August 29, 2009

“TINIG NG SENYAS: pagbubuklod tungo sa pagpapanday ng isang makabuluhang pambansang patakaran sa wikang senyas” ay isang pulong na ginanap sa Pulungang C.M.Recto, Bulwagang Rizal (dating UP Faculty Center) noong Miyerkoles, ika-26 ng Agosto mula 1:00-5:00 nang hapon. Si Dr. Zosimo E. Lee, Dekano ng Kolehiyo ng Agham Panlipunan at Pilosopiya, UP-Diliman ang nagbigay ng pambungad na pananalita. Nang makita ko siya, inisip ko kung saan ko siya unang nakita. Matatapos na ang pulong nang maalala ko na kaya pala pamilyar si Dr. Lee ay dahil dumalaw siya noong 2004 sa burol ng aking kapatid na si Dr. Isagani R. Medina sa Our Lady of Sorrows sa kalye F.B. Harrison. Doon ko siya unang nakita at nakausap. Bilang Emeritus Professor sa Departamento ng Kasaysayan, kabilang si IRM sa kanilang kolehiyo.

Tinalakay sa pulong ang kasalukuyang problema ng mga Bingi sa Pilipinas na sumentro sa “pagpapanday ng isang makabuluhang patakaran sa wikang senyas,” bunga sa hindi pagkilala sa Filipino Sign Language (FSL) ng DepEd bilang pambansang wika at epektibong tulay ng komunikasyon ng mga Bingi at ang patuloy na paggamit ng Signing Exact English (SEE). Sinabi ni Dr. Therese Bustos ng UP Special Education Area na ang problema sa pagtuturo ay nasa level ng elementarya at mataas na paaralan dahil sa tertiary level ang mga importanteng institusyon ay gumagamit ng FSL bilang pagkilala sa importansya nito bilang identitad o pagkikilanlan ng mga Binging Pilipino.

Pulungang C.M.Recto, Bulwagang Rizal (dating UP Faculty Center)

Si Marites Racquel “Rack” Estiller-Corpuz na unang nagsalita ay nagpaliwanag kung bakit ang “Wikang senyas ay Yaman ng Pilipinas.” Tinalakay niya ang kasaysayan ng FSL na nagsimula pa noong panahon ng mga Kastila. Nagbigay rin sya ng mga halimbawa at nagkumpara sa kaibahan ng mga bago at lumang senyas. Naipakita nya ang kagandahan ng wikang senyas na katutubo. At sa huli ang pagkilala na dapat iukol sa FSL bilang wikang senyas ng mga Pilipino.

Si Dr. Liza B. Martinez, Direktor ng Philippine Deaf Resource Center, ang nagbigay ng pangalawang pananalita na pinamagatang “2009 SONA ng wikang senyas” habang si Representative Risa Hontiveros-Baraquel ng AKBAYAN Party List na nahuli sa pagdating dahil sa ibang commitment ay nagsalita rin at nagbigay pag-asa tungo sa pagpapatupad ng mga mithiin ng mga Bingi. (Ang bahagi ng kanyang mga sinabi ay i-a-upload ko sa Youtube kapag naconvert na).

Ang interes sa pag-aaral ng FSL ay lumalago. Ako, bilang dating mag-aaral ng FSL ay tunay na natutuwa para sa mga Bingi na dumarami na sa mga nakakarinig ang gustong mag-aral nito. Ito ay sa dahilang napakaganda at nakapa interesante ng wikang senyas bilang daan para makipag-usap sa kanila. Masaya kasi silang kasama at maraming mga mababait sa kanila. Wala silang ipinagkaiba sa atin kundi ang pagkabingi nila. Tayo lang mga nakakarinig ang gumagawa ng linya sa pagitan natin sa paniniwalang pagsasayang lang ang mag ukol ng oras para matuto ng kanilang wika para makipag usap sa kanila. Ngunit kapag lumaganap na ang pananaw na ang wikang senyas ay tulad din ng mga banyagang wika, na ang mga Bingi ay isang “linguistic-minority group” ang respetong dapat mapasakanila ay maibibigay na. Unti-unting tataas ang pagtingin sa kanila hanggang maging pantay na ito sa mga taong karamihan sa atin ay may palagay na ang mga Bingi ay may kapansanan.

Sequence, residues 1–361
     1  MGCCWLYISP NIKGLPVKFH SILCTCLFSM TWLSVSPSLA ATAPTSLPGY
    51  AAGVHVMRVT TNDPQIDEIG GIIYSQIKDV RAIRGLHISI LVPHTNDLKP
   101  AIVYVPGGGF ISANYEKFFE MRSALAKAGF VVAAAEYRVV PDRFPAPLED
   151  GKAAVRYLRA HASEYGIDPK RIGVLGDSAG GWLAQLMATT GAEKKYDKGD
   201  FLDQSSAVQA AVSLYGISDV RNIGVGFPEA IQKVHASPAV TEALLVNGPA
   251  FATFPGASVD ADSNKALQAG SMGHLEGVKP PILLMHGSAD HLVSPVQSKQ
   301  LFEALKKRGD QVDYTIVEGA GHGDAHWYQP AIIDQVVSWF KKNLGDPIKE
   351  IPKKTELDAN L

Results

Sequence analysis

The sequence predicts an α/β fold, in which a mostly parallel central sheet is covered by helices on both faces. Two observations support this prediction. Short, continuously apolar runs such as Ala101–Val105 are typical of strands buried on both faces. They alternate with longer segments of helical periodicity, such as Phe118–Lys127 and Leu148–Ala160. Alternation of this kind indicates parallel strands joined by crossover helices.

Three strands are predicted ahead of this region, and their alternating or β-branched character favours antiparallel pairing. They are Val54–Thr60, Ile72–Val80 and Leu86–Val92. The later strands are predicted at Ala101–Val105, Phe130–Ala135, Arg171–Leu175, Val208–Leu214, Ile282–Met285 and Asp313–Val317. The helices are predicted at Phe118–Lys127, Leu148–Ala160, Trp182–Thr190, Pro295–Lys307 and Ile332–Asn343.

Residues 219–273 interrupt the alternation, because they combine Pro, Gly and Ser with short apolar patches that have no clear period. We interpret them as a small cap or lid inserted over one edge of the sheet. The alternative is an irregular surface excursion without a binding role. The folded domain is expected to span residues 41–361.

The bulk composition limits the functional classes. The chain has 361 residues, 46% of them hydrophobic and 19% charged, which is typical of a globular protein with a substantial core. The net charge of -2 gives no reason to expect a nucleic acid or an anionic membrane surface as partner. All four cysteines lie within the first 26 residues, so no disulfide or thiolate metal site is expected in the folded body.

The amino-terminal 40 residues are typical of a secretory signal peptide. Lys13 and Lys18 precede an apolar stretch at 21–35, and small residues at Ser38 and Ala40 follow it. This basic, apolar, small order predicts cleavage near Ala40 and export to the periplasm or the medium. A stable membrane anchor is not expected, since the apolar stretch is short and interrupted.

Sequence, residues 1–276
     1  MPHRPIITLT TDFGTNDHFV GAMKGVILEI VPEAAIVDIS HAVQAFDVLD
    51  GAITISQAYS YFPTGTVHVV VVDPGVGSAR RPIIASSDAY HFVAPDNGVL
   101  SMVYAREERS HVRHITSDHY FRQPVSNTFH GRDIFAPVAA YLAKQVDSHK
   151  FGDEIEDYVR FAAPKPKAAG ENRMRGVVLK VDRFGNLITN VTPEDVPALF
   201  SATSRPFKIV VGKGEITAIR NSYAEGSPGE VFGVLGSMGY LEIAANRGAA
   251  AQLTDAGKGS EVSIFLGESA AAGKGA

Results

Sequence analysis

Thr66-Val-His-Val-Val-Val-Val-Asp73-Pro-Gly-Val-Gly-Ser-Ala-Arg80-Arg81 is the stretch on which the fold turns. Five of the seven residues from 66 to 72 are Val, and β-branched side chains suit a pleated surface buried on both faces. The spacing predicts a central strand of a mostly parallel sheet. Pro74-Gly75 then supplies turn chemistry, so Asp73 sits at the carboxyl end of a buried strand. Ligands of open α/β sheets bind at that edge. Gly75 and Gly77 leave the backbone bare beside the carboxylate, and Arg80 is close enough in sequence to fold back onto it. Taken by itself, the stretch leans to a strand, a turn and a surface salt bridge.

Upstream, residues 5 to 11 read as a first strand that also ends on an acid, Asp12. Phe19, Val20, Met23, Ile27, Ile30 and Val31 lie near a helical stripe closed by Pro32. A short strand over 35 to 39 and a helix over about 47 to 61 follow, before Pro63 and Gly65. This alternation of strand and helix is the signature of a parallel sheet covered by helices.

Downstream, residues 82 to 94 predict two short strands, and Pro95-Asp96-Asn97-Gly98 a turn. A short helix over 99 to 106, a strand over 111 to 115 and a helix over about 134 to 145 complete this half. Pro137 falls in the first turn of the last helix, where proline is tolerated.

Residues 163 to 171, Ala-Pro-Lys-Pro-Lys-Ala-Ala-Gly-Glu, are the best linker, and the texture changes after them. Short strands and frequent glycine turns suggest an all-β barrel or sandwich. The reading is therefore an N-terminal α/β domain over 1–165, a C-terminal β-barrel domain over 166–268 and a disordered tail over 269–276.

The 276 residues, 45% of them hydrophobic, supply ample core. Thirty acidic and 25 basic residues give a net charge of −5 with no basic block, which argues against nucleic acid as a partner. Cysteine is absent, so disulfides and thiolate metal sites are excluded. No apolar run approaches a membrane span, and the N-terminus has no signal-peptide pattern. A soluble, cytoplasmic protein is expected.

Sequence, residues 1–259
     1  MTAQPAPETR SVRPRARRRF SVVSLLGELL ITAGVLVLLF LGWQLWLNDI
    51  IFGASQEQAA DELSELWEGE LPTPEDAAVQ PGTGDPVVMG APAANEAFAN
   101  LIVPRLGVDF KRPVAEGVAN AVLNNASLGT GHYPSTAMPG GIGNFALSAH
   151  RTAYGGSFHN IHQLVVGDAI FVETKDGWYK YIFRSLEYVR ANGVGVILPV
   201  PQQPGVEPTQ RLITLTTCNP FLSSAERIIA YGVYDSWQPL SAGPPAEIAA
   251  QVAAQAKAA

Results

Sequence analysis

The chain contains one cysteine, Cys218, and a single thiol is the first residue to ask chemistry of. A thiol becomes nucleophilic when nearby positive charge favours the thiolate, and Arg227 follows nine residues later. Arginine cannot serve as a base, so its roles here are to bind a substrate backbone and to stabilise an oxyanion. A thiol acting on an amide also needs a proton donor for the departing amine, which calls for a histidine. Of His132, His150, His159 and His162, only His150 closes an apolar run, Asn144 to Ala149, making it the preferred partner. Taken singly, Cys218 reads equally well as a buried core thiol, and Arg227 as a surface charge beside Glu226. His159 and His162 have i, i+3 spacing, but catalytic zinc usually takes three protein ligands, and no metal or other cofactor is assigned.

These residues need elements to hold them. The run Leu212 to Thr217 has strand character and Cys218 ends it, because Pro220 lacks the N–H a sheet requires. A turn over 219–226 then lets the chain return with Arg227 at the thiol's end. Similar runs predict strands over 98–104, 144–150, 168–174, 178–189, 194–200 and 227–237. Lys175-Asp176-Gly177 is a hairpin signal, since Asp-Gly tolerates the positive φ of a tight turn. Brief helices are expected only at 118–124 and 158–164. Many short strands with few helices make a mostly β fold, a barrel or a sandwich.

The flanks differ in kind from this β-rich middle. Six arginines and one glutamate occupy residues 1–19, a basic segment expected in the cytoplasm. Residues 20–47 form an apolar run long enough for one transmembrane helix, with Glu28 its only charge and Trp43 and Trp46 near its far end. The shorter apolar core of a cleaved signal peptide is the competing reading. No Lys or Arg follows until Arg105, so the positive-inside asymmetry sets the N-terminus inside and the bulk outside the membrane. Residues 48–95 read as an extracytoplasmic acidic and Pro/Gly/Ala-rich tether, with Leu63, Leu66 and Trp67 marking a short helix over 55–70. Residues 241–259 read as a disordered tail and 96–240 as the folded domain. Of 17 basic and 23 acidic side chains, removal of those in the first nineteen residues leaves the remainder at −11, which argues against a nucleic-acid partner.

Mabuhay ang Deaf Filipinos!


Filipino Sign Language: a Spark plug

August 23, 2009

“Silent Odyssey” and “A Blind Architect” elicited and sparked lots of remarks from Deaf viewers during the special screenings held for Mrs. Nora Shannon from PEN International in Rochester, New York, and the students of DLS-CSB SDEAS’ Deaf Learner’s Preparatory Course (DLPC). Mrs. Shannon attended the viewing with her husband. Many of the Deaf reacted on the Filipino Sign Language (FSL) issues and Deaf identity problems. Meanwhile, Architect Jaime Silva, the blind architect was able to inspire the Deaf by making some of them wish to emulate his role as a strong PWD rights advocate. One student whose interest is in law centered his remarks on the need for the Senate to know of Deaf Accessibility Law problems and their rights. He wants to become a lawyer he said. Another felt that the attention being given to persons with physical disability seems to be more than what the Deaf sector receives. I told him that personal initiative is quite necessary and very important…that Arch. Silva started advocating more than 10 years ago [since 1997], that he had taken his own initiative to make known to people in authority and the building establishments regarding the need to implement the Philippine Accessibility Law or BP344 to help alleviate their condition. Even then, up to now 30-35% has just being implemented, the reason why the concept of Non-Handicapping Environment (NHE) would hopefully help in removing all types of barriers in the future—not only physical but attitudinal with the latter being suffered by the Deaf. That if the Deaf should want to be heard, then they should also work on their own, take the initiative to advocate, be strong, be empowered as a group so that they could be heard better, rather than remain as splintered groups working for individual causes. I truly hope that the Deaf Development Center, a group which has just been formed last week will push through and succeed as one umbrella group that will unify all Deaf organizations. I enjoined the Deaf to work together strongly as one so that they can fight for their rights, their linguistic human rights (LHR). I personally believe that they should not wait for the hearing persons to decide for them or move them to action. They should move on their own, take the rein, the initiative to work for their good.. Only by having a louder “voice” and having a common goal starting with the fight to recognize their language that the authorities responsible to attend to their human rights needs could hear and hopefully listen to their woes. Yes! Deaf awareness is a must. It is a slow process but it should start now more than ever because of the UN Convention on the Rights of Persons with Disabilities (UN CRPD).